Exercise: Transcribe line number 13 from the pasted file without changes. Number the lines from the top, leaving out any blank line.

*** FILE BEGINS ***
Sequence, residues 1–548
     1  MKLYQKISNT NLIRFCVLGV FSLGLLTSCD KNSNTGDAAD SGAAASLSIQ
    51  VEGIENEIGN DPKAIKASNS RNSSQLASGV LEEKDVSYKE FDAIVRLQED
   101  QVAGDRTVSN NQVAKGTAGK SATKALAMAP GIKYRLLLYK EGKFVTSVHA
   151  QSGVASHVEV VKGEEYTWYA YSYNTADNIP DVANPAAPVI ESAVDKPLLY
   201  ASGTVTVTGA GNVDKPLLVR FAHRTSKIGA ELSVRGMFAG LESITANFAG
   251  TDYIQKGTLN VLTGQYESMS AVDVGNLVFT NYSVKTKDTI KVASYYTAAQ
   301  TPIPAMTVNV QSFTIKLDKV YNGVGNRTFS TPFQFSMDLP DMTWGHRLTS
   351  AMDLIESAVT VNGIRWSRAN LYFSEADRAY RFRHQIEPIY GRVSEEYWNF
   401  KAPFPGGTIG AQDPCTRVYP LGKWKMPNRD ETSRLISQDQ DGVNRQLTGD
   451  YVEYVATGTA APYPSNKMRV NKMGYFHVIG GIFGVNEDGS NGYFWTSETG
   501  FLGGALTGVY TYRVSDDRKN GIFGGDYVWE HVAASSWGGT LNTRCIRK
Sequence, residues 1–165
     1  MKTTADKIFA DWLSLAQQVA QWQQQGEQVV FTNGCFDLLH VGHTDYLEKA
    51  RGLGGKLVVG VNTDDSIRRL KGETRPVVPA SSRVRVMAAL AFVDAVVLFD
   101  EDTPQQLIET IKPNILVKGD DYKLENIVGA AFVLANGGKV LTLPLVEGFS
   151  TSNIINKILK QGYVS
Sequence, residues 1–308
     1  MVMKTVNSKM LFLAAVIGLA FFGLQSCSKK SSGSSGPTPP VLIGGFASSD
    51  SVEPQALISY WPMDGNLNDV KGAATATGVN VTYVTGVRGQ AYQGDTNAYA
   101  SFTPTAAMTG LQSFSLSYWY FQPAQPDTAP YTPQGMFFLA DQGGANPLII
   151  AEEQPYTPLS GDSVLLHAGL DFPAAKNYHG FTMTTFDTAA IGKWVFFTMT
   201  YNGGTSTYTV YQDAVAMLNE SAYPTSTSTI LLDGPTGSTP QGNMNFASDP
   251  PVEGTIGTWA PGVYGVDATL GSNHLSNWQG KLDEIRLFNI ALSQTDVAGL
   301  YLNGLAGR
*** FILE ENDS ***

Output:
Sequence, residues 1–165